Samsung Galaxy Note 10.1 (2014 Edition) Samsung Exynos 5420 Y(1.4) Y(1.4) Y(1.4) Y(1.4) Y(1.4) N Y(1.9)
NVIDIA Shield Tegra 4 N N N N N N N

Table via AnandTech, link above.

But they used to be useful..

Benchmarks used to be the gauge of a devices brute speed and performance, and in the early days of Android, they were a somewhat useful differentiator of performance between devices, although the main argument against benchmarking is that it doesn’t mean much for real world performance — that, at least, has virtually always been the case.

Benchmarking has now turned the race to the top into a race to see who can best optimise their code to best perform under benchmarking conditions: what a disappointment. The reality is that the benchmarking scores can, within a reasonable margin, be manipulated to make a particular product look good, and thus others look worse.

Perhaps unsurprisingly, while some devices manipulate benchmarking scores, they don’t change the underlying understanding anyway. It’s no secret that Samsung’s hardware IS very powerful, and probably more powerful than a good portion of the competition. Manipulating benchmarking can’t make a crap device appear to be gold; it’s limited to making an already powerful device just look a bit better on paper.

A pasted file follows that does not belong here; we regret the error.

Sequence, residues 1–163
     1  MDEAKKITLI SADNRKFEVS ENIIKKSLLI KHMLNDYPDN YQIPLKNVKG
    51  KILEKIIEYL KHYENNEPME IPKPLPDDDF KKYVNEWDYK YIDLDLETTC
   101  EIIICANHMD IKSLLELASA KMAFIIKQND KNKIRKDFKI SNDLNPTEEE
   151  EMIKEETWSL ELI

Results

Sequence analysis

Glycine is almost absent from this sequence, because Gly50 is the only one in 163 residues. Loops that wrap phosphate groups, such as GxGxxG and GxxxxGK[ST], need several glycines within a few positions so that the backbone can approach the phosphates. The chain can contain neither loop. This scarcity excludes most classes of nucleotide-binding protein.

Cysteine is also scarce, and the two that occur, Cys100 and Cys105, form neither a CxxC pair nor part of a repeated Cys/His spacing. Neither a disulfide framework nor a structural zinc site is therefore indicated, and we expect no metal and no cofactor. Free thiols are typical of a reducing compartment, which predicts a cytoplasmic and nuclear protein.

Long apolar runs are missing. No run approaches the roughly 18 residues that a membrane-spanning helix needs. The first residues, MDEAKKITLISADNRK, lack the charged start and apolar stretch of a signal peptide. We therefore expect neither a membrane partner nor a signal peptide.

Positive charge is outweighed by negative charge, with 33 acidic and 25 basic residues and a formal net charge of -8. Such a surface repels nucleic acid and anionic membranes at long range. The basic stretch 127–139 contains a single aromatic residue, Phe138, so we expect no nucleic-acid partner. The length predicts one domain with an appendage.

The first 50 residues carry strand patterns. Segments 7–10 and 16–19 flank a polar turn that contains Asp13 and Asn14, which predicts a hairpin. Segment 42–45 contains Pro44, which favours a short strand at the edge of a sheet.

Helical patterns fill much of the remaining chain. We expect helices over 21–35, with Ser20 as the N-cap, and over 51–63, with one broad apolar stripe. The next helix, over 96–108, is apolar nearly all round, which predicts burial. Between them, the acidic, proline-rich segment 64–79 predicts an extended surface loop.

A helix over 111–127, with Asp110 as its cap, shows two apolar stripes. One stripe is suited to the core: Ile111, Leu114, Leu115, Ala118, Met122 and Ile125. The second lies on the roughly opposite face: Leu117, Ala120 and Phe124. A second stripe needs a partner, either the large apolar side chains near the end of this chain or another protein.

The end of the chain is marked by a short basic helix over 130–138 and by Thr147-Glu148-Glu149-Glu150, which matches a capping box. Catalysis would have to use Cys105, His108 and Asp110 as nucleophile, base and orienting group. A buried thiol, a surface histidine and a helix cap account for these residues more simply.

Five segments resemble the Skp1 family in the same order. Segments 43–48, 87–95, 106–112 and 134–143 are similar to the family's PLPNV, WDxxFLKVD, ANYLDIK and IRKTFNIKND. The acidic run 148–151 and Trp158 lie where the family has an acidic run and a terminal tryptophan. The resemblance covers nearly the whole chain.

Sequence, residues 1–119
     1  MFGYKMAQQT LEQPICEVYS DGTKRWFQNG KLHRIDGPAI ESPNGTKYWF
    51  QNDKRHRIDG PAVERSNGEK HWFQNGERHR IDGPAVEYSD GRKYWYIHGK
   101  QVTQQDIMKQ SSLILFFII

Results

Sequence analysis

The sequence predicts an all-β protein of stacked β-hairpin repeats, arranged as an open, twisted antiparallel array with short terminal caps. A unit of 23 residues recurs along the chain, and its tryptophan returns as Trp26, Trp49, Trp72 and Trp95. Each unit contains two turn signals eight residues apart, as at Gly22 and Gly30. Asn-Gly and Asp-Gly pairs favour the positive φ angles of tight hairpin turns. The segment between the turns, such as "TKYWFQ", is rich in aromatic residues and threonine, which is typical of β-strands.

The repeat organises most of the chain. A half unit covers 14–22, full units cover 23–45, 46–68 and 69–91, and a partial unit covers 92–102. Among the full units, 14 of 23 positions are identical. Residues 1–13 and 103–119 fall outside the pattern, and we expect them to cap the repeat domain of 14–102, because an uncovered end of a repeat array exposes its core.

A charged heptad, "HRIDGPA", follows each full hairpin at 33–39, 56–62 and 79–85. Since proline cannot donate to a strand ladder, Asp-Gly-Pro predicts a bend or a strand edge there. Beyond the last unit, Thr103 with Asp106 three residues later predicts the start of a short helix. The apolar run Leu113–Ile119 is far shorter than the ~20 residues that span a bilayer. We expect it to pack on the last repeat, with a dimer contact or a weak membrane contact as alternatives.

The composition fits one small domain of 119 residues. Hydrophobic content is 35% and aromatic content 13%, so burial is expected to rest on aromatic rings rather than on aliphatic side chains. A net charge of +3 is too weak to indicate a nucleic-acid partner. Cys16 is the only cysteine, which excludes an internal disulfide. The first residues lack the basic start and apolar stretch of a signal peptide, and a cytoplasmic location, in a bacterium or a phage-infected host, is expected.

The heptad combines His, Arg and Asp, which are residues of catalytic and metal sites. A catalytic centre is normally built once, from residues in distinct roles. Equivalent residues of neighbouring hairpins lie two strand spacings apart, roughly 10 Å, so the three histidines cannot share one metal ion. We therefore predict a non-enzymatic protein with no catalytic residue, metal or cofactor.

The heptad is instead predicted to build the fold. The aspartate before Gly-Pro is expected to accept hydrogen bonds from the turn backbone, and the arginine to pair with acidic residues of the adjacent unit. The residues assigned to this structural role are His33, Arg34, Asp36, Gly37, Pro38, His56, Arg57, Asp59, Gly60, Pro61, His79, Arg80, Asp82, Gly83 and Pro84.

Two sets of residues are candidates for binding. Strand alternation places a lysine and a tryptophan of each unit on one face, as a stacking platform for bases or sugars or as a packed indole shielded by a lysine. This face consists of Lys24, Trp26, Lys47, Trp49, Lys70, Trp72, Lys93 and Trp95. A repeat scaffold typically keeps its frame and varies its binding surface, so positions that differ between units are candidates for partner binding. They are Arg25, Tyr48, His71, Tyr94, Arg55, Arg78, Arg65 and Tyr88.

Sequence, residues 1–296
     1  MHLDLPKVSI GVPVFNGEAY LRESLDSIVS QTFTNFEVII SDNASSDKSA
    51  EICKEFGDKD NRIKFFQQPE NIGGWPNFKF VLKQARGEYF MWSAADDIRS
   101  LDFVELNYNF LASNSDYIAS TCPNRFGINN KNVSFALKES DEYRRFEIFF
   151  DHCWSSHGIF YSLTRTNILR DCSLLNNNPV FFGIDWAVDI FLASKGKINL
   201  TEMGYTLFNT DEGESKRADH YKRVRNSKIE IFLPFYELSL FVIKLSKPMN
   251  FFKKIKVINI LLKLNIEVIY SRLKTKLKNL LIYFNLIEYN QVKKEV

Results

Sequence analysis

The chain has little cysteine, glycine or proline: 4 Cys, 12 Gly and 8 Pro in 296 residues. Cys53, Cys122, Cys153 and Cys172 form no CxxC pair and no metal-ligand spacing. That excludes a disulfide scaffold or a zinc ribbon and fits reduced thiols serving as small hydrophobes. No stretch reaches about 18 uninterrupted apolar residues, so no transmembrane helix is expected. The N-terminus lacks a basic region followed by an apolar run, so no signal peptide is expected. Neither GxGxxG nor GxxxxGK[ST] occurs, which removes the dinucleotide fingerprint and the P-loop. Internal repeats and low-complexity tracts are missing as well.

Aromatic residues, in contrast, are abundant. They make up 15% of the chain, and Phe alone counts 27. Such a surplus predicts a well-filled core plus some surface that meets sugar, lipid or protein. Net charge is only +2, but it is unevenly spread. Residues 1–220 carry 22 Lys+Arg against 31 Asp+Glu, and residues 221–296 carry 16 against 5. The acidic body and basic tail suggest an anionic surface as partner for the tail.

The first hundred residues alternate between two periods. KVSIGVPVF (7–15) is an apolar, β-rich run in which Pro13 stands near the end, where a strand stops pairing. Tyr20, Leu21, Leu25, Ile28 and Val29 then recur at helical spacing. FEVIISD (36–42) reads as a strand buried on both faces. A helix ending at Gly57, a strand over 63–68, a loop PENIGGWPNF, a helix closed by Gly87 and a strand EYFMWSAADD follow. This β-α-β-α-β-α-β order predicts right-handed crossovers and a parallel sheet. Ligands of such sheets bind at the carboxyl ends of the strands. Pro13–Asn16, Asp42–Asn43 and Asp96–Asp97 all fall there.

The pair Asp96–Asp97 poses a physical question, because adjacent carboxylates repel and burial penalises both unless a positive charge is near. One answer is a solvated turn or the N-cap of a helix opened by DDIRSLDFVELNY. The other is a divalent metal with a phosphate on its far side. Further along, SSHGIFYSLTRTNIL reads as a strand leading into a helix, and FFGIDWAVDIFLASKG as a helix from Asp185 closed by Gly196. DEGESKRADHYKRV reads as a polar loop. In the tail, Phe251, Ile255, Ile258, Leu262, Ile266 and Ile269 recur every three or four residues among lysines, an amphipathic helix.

But does it really matter?

Truthfully, no. The media (Ausdroid included) probably have a bit to answer for this situation coming up, obsessing over minute differentiation between devices in days gone by. While we don’t really focus on benchmarks anymore, it is this earlier focus which probably led to manufacturers wanting to game the system, to get a better picture of their products.

Nowadays, we’ve certainly moved away from the raw power aspect (as hardware performance is becoming fairly homogenised amongst the top-tier at least), and we now focus more on usability, design and experience. It’s all well and good to have insanely powerful hardware, but if it isn’t usable, there’s little point.

Fortunately, the Android manufacturers are alive to this move, and the focus on user experience (UX) is only increasing with each major release. We only hope that this becomes the real measure of a device’s performance, and the somewhat dated reliance on benchmarking scores goes the way of the dinosaurs.

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    Geoff Fieldew

    Taking another angle…

    Benchmarks can be useful to compare iterations of the same device line. You can have some sort of idea about the improvements in performance and efficiency in say, Galaxy S -> Galaxy SII -> Galaxy SIII -> Galaxy S4 ->

    I like benchmarks for the above scenario. I like to see the improvements each time I get a new Nexus phone or tablet. It may be rough but it’s somewhat quantifiable. I am still amazed by the wonder of technology. Benchmarks can help facilitate that.